6.1 Transposed Conditionals
This chapter is devoted to what is surely the most interesting rule in probability, with an overall importance that makes it fit to rank alongside the basic equations of Einstein or the fundamental rules of genetics. But first a few examples that are included to demonstrate the need for the rule.
No one who has absorbed the thesis of this book will confuse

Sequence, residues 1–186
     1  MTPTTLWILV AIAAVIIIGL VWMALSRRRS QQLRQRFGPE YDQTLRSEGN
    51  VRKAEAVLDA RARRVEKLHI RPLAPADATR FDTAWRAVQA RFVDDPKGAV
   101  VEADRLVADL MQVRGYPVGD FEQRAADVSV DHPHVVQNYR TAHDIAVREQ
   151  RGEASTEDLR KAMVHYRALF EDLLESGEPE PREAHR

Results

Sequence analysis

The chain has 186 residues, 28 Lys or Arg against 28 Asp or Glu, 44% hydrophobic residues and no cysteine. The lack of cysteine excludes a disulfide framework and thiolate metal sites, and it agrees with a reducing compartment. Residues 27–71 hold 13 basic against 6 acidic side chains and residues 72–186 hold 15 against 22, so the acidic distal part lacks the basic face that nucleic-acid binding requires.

The notation makes it apparent that they are different, reversing the orders of the two events, E and F. In the first probability, E is an uncertain event whose belief is being measured supposing, or knowing, that F is true (plus an unstated ). In the second probability, E, far from being uncertain, is supposed or known to be true; it is F that is uncertain and whose belief is being assessed. Despite the obvious differences, people are continually confusing one probability with the other. They are termed transposed conditionals, because E and F have been transposed in the two probabilities, each taking it in turn to be the conditional. They are sometimes referred to as Janus examples after the Roman god with two heads looking in opposite directions. Notice that the confusion occurs in ordinary logic, as in this example from a newspaper, the person's name being changed. “If it is ...